From a technical point of view, the action set pieces are visually interesting and actually coherent compared to other films that display their fight scenes as an unintelligible blur. There is, however, no getting away from the fact that some of the CGI is noticeably poor, something that might impact some viewers’ experience more negatively than it did my own. As someone who lived through all three Star Wars prequels, my tolerance for questionable effects is remarkably high. As has been the case with pretty much every example of the genre I have experienced bar Batman, the need for a ‘big bad’ of Godly, fantastical, supernatural proportions directs the narrative in to territory that I simply find less interesting, but in this particular instance, I can forgive the inevitably of my feelings towards the genre in favour of the absolute thrill ride of empowerment that Gal Gadot and Patty Jenkins take me on.
As the film’s titular heroine, Gal Gadot is a triumph. Along with the all of the external Amazonian beauty and statuesque poise that the role classically requires, Gadot possesses a naive, almost innocent charm that perfectly captures the sheltered nature of Diana’s character. Despite being a war ready weapon capable of mass destruction, Diana has never experienced the world in to which she is thrust, and Gadot’s ability to portray a woman who is constantly learning and adapting to her surroundings is extremely enjoyable to watch. Gadot’s Amazonian sense of ‘otherness’ works perfectly against a WWI backdrop that we have seen a million times before in a million different stories. As companion Steve Trevor, Chris Pine does a wonderful job of playing in to the gender role reversal that the film delights in. Though a hero in his own right, he is very much the ‘eye candy’ of the piece, a wonderful feat to achieve in a film where a beautiful woman is rarely fully clothed. The only scene of real objectification of either sex comes when Steve is caught naked in the bath by Diana, a welcome change of convention when comparing against, for example, pretty much any James Bond film in the last 50 years (female director, anyone?). Together, the two are a fun pair, and though I can’t say I fully bought in to the on screen chemistry, nothing about Gadot and Pine together negatively impacted my enjoyment of the piece overall.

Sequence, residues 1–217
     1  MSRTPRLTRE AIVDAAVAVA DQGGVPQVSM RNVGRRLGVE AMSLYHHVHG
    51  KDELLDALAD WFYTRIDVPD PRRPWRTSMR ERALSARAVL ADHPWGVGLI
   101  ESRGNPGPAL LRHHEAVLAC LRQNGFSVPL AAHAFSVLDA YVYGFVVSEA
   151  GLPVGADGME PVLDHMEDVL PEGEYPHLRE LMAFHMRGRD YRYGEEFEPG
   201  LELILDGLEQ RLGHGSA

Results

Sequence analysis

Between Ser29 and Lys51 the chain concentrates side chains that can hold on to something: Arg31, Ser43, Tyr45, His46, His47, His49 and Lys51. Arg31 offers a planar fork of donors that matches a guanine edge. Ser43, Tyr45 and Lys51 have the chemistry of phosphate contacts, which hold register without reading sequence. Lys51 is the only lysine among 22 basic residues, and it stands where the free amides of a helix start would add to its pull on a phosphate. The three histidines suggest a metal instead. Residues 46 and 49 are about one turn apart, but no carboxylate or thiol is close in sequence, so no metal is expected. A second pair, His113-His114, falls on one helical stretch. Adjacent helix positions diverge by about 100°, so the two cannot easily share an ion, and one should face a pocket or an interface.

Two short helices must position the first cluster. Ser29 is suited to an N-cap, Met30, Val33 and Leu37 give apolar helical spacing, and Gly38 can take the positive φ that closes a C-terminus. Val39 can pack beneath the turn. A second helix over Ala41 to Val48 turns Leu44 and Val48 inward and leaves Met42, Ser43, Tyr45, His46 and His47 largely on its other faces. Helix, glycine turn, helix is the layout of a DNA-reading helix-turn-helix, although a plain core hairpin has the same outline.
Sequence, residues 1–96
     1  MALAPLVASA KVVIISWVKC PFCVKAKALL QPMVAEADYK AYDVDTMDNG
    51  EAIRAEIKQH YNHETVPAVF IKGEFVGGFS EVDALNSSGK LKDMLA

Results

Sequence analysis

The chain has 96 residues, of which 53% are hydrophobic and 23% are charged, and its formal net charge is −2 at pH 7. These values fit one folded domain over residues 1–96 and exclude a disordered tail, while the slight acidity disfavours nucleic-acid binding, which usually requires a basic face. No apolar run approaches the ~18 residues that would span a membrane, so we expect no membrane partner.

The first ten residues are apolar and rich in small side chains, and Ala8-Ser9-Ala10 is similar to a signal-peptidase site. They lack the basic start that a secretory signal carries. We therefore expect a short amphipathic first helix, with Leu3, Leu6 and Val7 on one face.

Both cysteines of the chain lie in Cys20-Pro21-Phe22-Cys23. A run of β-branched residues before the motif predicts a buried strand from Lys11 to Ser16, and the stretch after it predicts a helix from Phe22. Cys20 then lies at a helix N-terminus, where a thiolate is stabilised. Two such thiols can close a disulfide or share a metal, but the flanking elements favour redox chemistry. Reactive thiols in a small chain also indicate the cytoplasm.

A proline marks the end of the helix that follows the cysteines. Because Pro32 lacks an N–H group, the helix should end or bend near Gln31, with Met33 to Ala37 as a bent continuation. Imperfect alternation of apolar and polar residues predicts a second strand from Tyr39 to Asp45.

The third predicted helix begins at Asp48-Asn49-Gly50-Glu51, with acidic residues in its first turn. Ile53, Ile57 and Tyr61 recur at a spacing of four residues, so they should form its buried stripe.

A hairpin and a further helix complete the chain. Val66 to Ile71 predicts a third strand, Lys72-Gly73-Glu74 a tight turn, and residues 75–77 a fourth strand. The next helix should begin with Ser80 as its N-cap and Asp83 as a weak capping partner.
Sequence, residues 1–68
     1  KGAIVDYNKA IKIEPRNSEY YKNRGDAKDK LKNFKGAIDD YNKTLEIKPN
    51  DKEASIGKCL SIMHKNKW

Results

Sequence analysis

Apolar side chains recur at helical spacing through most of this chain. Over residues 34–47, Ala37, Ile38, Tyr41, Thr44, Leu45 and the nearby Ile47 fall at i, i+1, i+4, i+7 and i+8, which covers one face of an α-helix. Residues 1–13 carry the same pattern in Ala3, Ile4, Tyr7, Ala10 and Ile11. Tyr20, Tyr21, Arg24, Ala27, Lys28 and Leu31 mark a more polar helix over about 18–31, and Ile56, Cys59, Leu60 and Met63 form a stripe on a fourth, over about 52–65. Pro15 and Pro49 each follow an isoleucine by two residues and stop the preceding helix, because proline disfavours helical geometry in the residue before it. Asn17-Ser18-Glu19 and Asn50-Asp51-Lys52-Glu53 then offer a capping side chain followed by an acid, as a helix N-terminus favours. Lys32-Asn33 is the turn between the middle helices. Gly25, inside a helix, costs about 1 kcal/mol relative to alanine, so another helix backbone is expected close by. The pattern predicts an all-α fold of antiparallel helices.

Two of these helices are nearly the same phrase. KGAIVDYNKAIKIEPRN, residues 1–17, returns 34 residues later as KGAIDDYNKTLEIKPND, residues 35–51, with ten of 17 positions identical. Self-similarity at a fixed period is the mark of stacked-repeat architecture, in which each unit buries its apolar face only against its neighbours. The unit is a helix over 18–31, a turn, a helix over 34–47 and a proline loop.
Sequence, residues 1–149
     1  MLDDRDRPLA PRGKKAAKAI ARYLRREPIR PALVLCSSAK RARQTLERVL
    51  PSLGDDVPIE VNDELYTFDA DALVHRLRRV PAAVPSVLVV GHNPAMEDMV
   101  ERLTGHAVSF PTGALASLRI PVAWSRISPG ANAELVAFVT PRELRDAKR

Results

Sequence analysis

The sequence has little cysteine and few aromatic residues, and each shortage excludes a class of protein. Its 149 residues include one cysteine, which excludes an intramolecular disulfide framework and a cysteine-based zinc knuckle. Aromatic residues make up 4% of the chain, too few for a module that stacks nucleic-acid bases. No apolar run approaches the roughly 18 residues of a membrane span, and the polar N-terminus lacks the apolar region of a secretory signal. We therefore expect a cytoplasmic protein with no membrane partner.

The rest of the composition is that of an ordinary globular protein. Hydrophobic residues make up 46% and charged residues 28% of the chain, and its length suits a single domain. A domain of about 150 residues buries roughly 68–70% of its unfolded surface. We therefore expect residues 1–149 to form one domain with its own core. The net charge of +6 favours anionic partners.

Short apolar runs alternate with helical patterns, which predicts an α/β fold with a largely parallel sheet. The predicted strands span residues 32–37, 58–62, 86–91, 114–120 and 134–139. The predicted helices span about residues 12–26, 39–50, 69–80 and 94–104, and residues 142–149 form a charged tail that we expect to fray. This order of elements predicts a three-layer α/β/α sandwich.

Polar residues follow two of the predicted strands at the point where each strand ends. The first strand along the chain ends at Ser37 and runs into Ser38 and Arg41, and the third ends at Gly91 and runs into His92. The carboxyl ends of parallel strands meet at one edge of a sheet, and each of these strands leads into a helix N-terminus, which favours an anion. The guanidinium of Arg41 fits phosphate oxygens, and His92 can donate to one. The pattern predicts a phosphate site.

The film is fleshed out by several really great supporting performances by the likes of Robin Wright, Connie Nielsen, Elena Anaya, Lucy Davis, Said Taghmaoui, Ewen Bremner and Eugene Brave Rock. It really makes a difference when I film commits to casting real talent for even the smallest roles, it does the cinematic universe no end of good.
Overall, Wonder Woman is a film that is as culturally important as it is genuinely enjoyable. Regardless of my feelings for the superhero genre overall, I had an absolute blast. It’s not the most insightful or critically valid point in the world, but it really cannot be underestimated just how valuable and cherished an experience this is, for little girls and big girls alike to see an amazing female character kicking ass all over the damn Western Front. The last time I remember feeling this way was Kill Bill, but this time there is no Tarantino-esque, gory, at times upsetting revenge fantasy, it’s just an earnest, even sentimental story of good vs. evil, and there is something really cool about that.